Saturday

4th Apr 2020

Opinion

Calling time on European-Turkish strategic relations

  • The leaders of Russia, Turkey and Iran are set to meet in Ankara on Wednesday (4 April) and focus on latest developments in war-torn Syria. (Photo: Tolga "Musato")

Over the weekend, Ankara stated that France could become a target for its backing of Kurdish forces in Syria.

This follows the comments of Turkey's firebrand president Recep Tayyip Erdogan who had earlier threatened to "Ottoman slap" US forces fighting alongside the Kurds against ISIS in Syria.

Read and decide

Join EUobserver today

Support quality EU news

Get instant access to all articles — and 20 years of archives. 14-day free trial.

... or subscribe as a group

Last week, (26 March) in Varna, Bulgaria, president Erdogan together with a string of other Turkish officials met their EU counterparts in an attempt to heal relations.

Nothing came out of the summit. While, the leaders were shaking hands, Turkey announced that it would lay the foundation stone of a $20bn (€16.2bn) nuclear power plant being built by Russia's state atomic energy corporation (Rosatom) in southern Turkey.

Meanwhile, the US, Canada, Australia and 14 EU countries including Germany and France expelled Russian spies following the chemical weapon poisoning of Sergei Skripal in Salisbury, England.

But Turkey refused to do likewise. It took Ankara three weeks to whisper a condemnation. This, despite Turkish and British officials describing their ties as a "strategic partnership".

Time to face facts, Turkey's ties with the West are no longer strategic. When Europe goes hither, Turkey deliberately goes thither.

Iran

Take Iran, for example.

In December last year it was revealed that Turkey helped Tehran to bypass the Iran Sanctions Act in a scheme that involved a Turkish state owned bank to weave a complex web for the trade of Iranian gas for Turkish gold. The key witness alleged that not only was the then Turkish economy minister involved, but the process was ordered on the behest of Erdogan himself.

Another example is Russia.

Not only has Moscow intervened in Ukraine and occupies the Crimea, but Russia also distributes fake news and propaganda against the West, violates the airspace and exclusive economic zones of European nations, murdered Russian nationals living in the United Kingdom, and involved itself in the lawlessness and chaos in Syria by propping up the Assad regime and sanctioning Iranian involvement.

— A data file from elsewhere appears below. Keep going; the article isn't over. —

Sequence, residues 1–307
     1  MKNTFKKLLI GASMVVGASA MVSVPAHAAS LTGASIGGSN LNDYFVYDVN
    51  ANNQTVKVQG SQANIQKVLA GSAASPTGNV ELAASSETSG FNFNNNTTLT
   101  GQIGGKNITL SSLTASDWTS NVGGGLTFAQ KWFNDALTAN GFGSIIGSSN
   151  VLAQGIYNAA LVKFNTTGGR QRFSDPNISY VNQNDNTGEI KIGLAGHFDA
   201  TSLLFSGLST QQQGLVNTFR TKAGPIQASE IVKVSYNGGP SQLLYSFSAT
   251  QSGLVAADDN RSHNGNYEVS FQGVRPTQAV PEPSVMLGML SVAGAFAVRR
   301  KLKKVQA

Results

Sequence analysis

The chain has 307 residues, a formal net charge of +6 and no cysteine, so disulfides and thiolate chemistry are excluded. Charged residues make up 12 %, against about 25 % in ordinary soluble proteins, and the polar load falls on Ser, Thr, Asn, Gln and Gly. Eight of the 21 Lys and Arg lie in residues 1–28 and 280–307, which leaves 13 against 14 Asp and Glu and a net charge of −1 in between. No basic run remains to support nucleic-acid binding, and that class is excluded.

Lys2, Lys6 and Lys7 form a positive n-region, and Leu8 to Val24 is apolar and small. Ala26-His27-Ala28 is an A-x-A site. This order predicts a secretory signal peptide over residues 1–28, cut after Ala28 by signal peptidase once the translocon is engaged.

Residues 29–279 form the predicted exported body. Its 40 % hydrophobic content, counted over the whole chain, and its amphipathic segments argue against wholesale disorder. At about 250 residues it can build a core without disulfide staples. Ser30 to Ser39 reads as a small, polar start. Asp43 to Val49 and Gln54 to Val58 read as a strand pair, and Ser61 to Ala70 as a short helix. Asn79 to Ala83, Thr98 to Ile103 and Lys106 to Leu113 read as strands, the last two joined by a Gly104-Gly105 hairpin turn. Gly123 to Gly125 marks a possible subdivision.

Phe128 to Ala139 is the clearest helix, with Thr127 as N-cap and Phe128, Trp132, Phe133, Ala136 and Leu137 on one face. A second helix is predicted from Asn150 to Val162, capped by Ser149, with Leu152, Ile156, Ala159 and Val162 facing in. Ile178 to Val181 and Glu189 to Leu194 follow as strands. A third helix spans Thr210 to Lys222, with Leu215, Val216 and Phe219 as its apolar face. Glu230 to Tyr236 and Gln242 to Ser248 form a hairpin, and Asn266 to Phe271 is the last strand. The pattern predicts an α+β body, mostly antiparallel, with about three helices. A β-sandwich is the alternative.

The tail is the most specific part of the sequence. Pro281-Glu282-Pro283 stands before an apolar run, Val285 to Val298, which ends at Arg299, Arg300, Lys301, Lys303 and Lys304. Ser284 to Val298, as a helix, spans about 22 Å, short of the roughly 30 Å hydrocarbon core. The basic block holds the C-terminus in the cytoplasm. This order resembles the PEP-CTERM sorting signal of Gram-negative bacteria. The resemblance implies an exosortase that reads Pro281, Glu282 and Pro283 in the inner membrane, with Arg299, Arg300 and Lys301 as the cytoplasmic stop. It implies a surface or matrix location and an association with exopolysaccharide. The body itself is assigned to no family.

What does Ankara do?

It joins talks over the future of Syria with Iran and Russia, legitimising their nefarious involvement. Turkish ministers schedule multiple meetings with their Russian counterparts. Turkey pledges to boost bilateral trade with Russia to reach $100bn and continues with its plans to purchase S400s, the Russian surface-to-air missiles completely incompatible with NATO hardware.

ISIS is another significant threat to Europe.

Not only has the terror group had a destabilising effect on Syria and Iraq, but there is also the threat of returning recruits to European nations.

But Turkey has done little to help. Ankara allowed Turkish territory to be used by Jihadists traveling to Syria. It turned a blind eye to oil and weapons smuggling across its border. When Ankara did wake up to the ISIS threat, it was, let's face it, too little too late.

Even Turkey's position on Syrian refugees is practically blackmail. Europe pays six billion euros or Turkey threatens to open the floodgates. Hardly strategic cooperation. "Don't keep delaying it; give us the money", Erdogan recently warned.

What is more, Ankara used its might against the Kurdish People's Protection Units (YPG) which Ankara claims is affiliated with the Kurdistan Workers' Party (PKK). But the YPG is an undeniable asset in the West's fight against ISIS.

No real basis for alliance

And here lies the core of the problem. Turkey's strategic threats are different to those of the West.